Equation [48] is solved using a flux conserving scheme. Within this scheme, each lattice point defines the center of a cubic cell that exchanges species with neighboring cells through its six cell walls. If the total volume, \(V\), of each cell is defined as:

\[\label{49} V=\Delta x \Delta x \Delta x\]

then the amount of scalar field defined each cell is defined as:

\[\label{50} Q_i=c_i V.\]

For each cubic cell, the change in \(Q_i\) over time is governed by the flux exchange between neighbor cells:

\[\label{51} \frac{d Q_i}{dt}=\left(f_{i,x-1/2}-f_{i,x+1/2}+f_{i,y-1/2}-f_{i,y+1/2}+f_{i,z-1/2}-f_{i,z+1/2}\right) \cdot S,\]

where the \({i,x-1/2}\) subscript indicates the position of the interface relative to the cell center, \(f\) is the flux, and \(S\left(=\Delta x \Delta x \right)\) is the surface area of the cell.

Recognizing that this update is done at the half-time, and linearizing the time-derivative gives:

\[\label{52} c_i^{t+1}=c_i^{t}+\frac{\Delta t}{\Delta x}\left(f_{i,x-1/2}^{t+1/2}-f_{i,x+1/2}^{t+1/2}+f_{i,y-1/2}^{t+1/2}-f_{i,y+1/2}^{t+1/2}+f_{i,z-1/2}^{t+1/2}-f_{i,z+1/2}^{t+1/2}\right) \cdot S,\]

Per the Lax Equivalence Theorem, the functional form of \(f\) in Eqn\(.\) [51] is not arbitrary; the algorithm used to define \(f\) must be both stable and consistent. [8] One option for ensuring stability, called the Lax-Wendroff algorithm, is to add precisely enough artificial viscosity to keep the algorithm stable. A second option for ensuring stability is to define a van Leer flux limiter, which performs second-order advection in regions where the flow field is smooth, and donor-cell advection near gradients. For highly turbulent systems dominated by scalar advection, the behavior of both algorithms is similar. For laminar or transitional systems, where diffusion must be controlled, the van Leer flux limiter should be used.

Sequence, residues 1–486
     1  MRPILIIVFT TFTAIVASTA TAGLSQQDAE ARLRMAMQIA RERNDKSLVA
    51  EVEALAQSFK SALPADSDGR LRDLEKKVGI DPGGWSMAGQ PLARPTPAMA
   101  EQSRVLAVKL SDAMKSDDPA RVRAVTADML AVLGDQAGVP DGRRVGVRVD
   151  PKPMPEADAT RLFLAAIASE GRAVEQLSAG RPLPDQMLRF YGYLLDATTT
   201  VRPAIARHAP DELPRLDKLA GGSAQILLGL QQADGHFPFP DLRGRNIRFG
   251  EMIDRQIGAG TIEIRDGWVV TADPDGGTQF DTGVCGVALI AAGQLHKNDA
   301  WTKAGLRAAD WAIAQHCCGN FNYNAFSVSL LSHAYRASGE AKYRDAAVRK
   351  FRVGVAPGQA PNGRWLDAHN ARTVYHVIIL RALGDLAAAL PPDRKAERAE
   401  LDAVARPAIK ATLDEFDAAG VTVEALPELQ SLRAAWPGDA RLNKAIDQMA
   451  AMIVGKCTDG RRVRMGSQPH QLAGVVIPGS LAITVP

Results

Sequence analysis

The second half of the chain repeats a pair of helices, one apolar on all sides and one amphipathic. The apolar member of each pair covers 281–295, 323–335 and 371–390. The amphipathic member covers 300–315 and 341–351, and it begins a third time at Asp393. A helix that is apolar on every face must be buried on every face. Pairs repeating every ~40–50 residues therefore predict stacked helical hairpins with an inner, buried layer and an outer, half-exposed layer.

Particle Transport

Particles are modeled as discrete point masses with trajectories governed by Newton’s Second Law:

\[\label{53} m_i \frac{d{v}}{dt}=\displaystyle \sum {F}_i={F}_g+{F}_b+{F}_d+{F}_p,\]

where \(m_i\) is the mass of particle, \({v}\) is the velocity, \({F}_g\) is the gravity force, \({F}_b\) is the buoyancy force, \({F}_d\) is the drag force with the fluid, and \({F}_p\) is the inter-particle collision force. The local drag force is valuated using literature sphere drag data [8]. Although inter-particle collisions are modeled as hard-sphere interactions by default, it is straightforward to extend these interactions to model aggregation and break-up. Note that particle dynamics are not confined to the lattice, and they can occupy arbitrary positions and velocity vectors.